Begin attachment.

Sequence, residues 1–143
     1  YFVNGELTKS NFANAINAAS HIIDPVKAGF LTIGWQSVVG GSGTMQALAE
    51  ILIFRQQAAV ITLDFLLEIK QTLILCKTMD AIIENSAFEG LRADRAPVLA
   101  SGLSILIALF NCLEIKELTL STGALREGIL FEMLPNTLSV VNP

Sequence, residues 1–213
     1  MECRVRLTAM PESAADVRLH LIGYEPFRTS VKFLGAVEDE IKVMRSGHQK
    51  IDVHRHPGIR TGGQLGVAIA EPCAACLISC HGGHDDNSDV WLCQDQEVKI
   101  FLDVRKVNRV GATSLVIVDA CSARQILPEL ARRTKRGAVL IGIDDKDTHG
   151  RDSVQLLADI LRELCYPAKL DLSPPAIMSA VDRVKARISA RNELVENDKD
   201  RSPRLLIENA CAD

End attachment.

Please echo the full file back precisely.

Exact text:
Sequence, residues 1–143
     1  YFVNGELTKS NFANAINAAS HIIDPVKAGF LTIGWQSVVG GSGTMQALAE
    51  ILIFRQQAAV ITLDFLLEIK QTLILCKTMD AIIENSAFEG LRADRAPVLA
   101  SGLSILIALF NCLEIKELTL STGALREGIL FEMLPNTLSV VNP

Sequence, residues 1–213
     1  MECRVRLTAM PESAADVRLH LIGYEPFRTS VKFLGAVEDE IKVMRSGHQK
    51  IDVHRHPGIR TGGQLGVAIA EPCAACLISC HGGHDDNSDV WLCQDQEVKI
   101  FLDVRKVNRV GATSLVIVDA CSARQILPEL ARRTKRGAVL IGIDDKDTHG
   151  RDSVQLLADI LRELCYPAKL DLSPPAIMSA VDRVKARISA RNELVENDKD
   201  RSPRLLIENA CAD